Home / NEWS / Tech / Shares of U.S.-listed Chinese search engine Sogou pop 48% after Tencent’s takeover offer

Shares of U.S.-listed Chinese search engine Sogou pop 48% after Tencent’s takeover offer

A man call ins Sogou booth on day one of the 2019 China Digital Entertainment Expo & Conference (ChinaJoy) at Shanghai New International Expo Center on August 2, 2019 in Shanghai, China.

VCG | Visual China Gathering | Getty Images

Shares of New York-listed Chinese search engine Sogou popped 48% on Monday after Tencent sexual advanced to take the firm private.

Tencent, one of China’s biggest technology firms, already owns approximately 39.2% of the tot up issued and outstanding shares and 52.3% of the total voting power of Sogou. Tencent has proposed $9 in cash per American depositary allocation (ADS) that it does not already own. That is a premium of around 56.5% to the $5.75 closing price of Sogou’s ADSs on July 24.

Sogou’s slices rallied to close at $8.51 on Monday after the Tencent offer, valuing the firm at $3.31 billion. 

Sohu, the origin company of Sogou, said its board of directors has “not yet had an opportunity to review and evaluate the Proposal in detail, or to make any determination as to how to pity to the Proposal or as to whether or not the proposed acquisition of Sogou would be in the best interests of Sohu, in its capacity as Sogou’s controlling shareholder, to approve or on his the Proposal.”

Tencent’s offer, if successful, would take Sogou private and de-list it from the New York Stock Switch (NYSE) at a time when U.S.-China tensions are ramping up and threatening Chinese firms listed on Wall Street. 

In May, the U.S. senate outmoded a bill that could make it harder for Chinese companies to go public in the U.S. and carries the threat of de-listing for those already hand-out there.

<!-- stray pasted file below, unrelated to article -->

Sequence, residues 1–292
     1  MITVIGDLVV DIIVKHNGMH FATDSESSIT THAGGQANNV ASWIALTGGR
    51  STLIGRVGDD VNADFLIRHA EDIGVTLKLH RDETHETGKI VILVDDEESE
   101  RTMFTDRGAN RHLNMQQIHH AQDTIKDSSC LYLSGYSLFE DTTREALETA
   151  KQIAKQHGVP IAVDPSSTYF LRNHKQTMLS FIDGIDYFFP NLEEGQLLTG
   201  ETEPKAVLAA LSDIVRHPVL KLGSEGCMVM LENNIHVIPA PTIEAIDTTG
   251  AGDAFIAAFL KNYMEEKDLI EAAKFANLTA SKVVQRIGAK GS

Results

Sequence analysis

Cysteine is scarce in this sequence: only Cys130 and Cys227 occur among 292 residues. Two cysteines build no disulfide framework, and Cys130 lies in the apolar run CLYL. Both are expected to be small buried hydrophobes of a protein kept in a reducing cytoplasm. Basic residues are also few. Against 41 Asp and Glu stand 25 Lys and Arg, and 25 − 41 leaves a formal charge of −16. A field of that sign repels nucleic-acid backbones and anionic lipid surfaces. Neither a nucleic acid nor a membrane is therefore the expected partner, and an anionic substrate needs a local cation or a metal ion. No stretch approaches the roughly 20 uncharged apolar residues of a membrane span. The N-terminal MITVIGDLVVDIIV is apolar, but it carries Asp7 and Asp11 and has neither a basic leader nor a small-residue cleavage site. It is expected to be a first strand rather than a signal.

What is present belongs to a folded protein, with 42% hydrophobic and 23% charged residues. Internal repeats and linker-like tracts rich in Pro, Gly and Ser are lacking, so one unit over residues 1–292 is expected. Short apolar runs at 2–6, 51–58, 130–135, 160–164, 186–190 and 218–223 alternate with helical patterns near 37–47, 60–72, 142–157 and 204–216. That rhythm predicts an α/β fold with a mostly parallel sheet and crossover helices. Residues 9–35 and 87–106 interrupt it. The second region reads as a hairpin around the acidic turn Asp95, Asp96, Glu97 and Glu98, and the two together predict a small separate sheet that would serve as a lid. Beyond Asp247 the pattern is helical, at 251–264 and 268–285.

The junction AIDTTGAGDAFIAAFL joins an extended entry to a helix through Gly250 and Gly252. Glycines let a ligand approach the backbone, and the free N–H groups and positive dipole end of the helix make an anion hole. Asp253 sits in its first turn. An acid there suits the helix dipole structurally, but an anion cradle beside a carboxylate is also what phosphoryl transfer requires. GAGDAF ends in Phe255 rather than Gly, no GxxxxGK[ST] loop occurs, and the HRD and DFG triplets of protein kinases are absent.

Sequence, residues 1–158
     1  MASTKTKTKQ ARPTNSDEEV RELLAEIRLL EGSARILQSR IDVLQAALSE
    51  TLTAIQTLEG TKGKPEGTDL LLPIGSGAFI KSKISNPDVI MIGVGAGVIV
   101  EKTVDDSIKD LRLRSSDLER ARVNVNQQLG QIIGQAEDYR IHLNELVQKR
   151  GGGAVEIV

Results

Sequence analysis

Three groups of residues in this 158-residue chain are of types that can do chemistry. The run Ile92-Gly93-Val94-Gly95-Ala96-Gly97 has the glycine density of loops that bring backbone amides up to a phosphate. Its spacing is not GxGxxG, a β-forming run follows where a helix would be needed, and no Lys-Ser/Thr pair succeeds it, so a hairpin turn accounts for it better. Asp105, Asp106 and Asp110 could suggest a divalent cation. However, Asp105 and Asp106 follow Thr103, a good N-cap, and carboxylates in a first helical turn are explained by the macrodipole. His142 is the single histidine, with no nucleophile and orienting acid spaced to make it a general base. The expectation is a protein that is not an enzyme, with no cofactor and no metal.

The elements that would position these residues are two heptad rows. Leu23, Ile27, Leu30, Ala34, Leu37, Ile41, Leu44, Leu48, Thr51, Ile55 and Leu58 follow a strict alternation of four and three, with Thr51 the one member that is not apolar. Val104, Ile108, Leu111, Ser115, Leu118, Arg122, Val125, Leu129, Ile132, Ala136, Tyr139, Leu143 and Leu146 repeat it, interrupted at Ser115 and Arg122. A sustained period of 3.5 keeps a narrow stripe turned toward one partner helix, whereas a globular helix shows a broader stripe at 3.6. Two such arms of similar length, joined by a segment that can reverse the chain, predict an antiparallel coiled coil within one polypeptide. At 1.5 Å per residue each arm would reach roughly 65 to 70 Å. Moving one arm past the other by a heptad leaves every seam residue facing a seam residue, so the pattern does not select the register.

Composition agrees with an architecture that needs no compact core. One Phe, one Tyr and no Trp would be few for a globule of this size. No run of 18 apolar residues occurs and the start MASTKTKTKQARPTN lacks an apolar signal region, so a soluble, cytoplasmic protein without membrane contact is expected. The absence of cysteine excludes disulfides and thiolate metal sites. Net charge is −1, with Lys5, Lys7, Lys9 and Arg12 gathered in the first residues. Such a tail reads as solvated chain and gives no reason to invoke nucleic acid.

Already, a number of U.S.-listed Chinese firms such as JD.com and Alibaba have carried out secondary listings in Hong Kong.

Chinese chipmaker SMIC de-listed from the NYSE terminal year and went on to carry out a share sale in Shanghai in July. Nasdaq-listed Sina, a social media and news suite, also received a privatization offer earlier this month from a company run by its chairman Charles Chao.

Other Chinese throngs have also decided to carry out an initial public offering at home. Alibaba’s financial technology affiliate Ant Alliance announced plans earlier this month for a dual listing in Shanghai and Hong Kong. 

Tencent already has a relationship with Sogou. The search motor is integrated within Tencent’s massively popular WeChat messaging app. Analysts see the two companies as being able to work together in uncountable areas.

“We consider there will be more synergies between Sogou and Tencent in search and smart devices in the to be to come,” Thomas Chong, equity analyst at Jefferies, wrote in a note on Wednesday. 

— Correction: This article has been updated to on that Alibaba’s financial technology affiliate is now known as Ant Group.

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